Thomas, (not his real name, to protect identity) has been working for an international company for 10 years now. Recently he was promoted as a marketing manager with a team of 10 subordinates. It is his first leadership position. He is a very hard working person, with high standards he sets for himself and his subordinates. When he came to see me for the first time, he looked extremely stressed out. He told me that he feels overloaded with his work and that he felt out of balance. He wanted to be in control with his work again but was not sure how to manage it because he was working 12 hours a day, sometimes without any breaks, that he became very exhausted. He told me, that he spends a lot of time in checking, controlling and improving his work and the work of his subordinates. He wanted to perform in his new job and do his best, but that took a lot of time and effort. He assumed that his desired outcome was to work less hours that is why he needed my support to improve his time management.
In order to build rapport and trust between a coach and a client, it is absolutely important to assure your client that he or she is in a safe place and that everything you will discuss will be treated confidential.
When a manager tends to have a tendency to perfectionism, to control his work as well as that of his subordinates and complains about a lack of time, consider that there might be an underlying belief that is causing the behaviour of constantly control. In this case help your client to be aware of his/her underling belief. Support your client to detect it and name the underlying belief. By detecting and naming it, it is possible for the client to change his or her behaviour because he or she has the power of choice:
Through my questions Thomas became aware that the real issue was not a lack of time management. There was an underlying belief “I am not good enough”. The anxiety of not being good enough lead him to work many hours by controlling every detail of his and his subordinates work. This habit made him completely overworked and stressed out. When Thomas became aware of his underlying belief and was able to name it, he was able to see new opportunities and new actions he could take.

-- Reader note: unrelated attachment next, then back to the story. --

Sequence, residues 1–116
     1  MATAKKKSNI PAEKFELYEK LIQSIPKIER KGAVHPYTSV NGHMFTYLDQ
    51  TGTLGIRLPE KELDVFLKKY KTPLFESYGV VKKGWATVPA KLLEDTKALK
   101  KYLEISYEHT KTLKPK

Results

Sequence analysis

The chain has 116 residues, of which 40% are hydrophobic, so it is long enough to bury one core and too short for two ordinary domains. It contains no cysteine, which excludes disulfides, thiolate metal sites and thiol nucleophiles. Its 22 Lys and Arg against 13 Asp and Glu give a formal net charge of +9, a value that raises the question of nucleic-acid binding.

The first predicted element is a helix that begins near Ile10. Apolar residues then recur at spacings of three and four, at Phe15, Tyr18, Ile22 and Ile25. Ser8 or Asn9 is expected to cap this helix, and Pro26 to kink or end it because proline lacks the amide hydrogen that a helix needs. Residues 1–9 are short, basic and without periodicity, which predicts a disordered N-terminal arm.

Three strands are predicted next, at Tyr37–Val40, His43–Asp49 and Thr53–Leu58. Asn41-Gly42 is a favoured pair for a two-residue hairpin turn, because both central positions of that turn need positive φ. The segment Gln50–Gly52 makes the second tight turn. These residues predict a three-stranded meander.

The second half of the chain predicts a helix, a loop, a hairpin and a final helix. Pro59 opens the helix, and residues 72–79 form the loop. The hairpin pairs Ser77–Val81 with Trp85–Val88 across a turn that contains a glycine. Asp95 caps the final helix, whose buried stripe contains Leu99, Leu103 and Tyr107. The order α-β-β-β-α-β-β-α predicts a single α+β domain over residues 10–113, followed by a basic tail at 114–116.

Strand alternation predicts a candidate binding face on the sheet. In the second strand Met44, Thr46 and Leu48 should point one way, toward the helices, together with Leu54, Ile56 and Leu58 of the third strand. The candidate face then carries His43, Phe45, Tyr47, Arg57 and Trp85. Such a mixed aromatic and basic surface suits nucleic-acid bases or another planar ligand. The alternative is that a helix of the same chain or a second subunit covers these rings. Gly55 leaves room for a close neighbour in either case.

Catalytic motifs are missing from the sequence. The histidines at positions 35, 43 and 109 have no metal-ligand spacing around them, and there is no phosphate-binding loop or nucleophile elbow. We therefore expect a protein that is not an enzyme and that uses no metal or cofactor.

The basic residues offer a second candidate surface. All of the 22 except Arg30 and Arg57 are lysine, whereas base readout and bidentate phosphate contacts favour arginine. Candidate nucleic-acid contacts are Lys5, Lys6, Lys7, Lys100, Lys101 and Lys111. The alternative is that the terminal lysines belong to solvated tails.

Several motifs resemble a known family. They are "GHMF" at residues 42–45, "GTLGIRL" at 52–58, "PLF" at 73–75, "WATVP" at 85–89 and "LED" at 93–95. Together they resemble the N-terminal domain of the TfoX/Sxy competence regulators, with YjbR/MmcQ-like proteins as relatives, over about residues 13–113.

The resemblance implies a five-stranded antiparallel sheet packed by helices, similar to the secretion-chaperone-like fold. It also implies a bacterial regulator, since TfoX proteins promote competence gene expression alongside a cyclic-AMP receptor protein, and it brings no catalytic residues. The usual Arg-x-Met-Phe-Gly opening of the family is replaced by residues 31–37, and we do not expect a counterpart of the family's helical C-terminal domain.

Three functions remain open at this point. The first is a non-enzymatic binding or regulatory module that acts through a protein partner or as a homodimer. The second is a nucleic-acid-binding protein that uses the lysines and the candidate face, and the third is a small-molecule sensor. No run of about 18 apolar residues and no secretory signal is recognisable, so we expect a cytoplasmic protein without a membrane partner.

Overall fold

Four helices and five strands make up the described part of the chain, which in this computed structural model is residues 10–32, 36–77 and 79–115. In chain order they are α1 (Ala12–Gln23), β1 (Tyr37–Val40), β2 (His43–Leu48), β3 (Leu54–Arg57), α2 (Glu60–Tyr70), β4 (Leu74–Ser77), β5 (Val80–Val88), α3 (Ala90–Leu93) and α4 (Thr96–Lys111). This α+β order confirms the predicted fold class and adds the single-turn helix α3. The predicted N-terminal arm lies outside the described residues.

After creating self-awareness of any possible underlying belief which causes “control” you can support your client to choose another habit. He/She could choose for example “letting go” over “control” to achieve his or her desired outcome.
Here are some possible questions to shift the client from control to letting go:
- What would less control give you?
- What would it look like if you let go?
- How is letting go different to control for you?
- What are the fears or the biggest fear of letting go?
- What do you think you risk by not controlling?
- What is the worst that could happen by letting go?
- How would less control affect your subordinates?
- What are your feelings and emotions by letting go?
- How is controlling helping the desired outcome?
- How is letting go helping the desired outcome?
- What does letting go give you?
Letting go helps us to live in a more peaceful state of mind and helps restore our balance. It allows others to be responsible for themselves and for us to take our hands off situations that do not belong to us. This frees us from unnecessary stress. Melody Beattie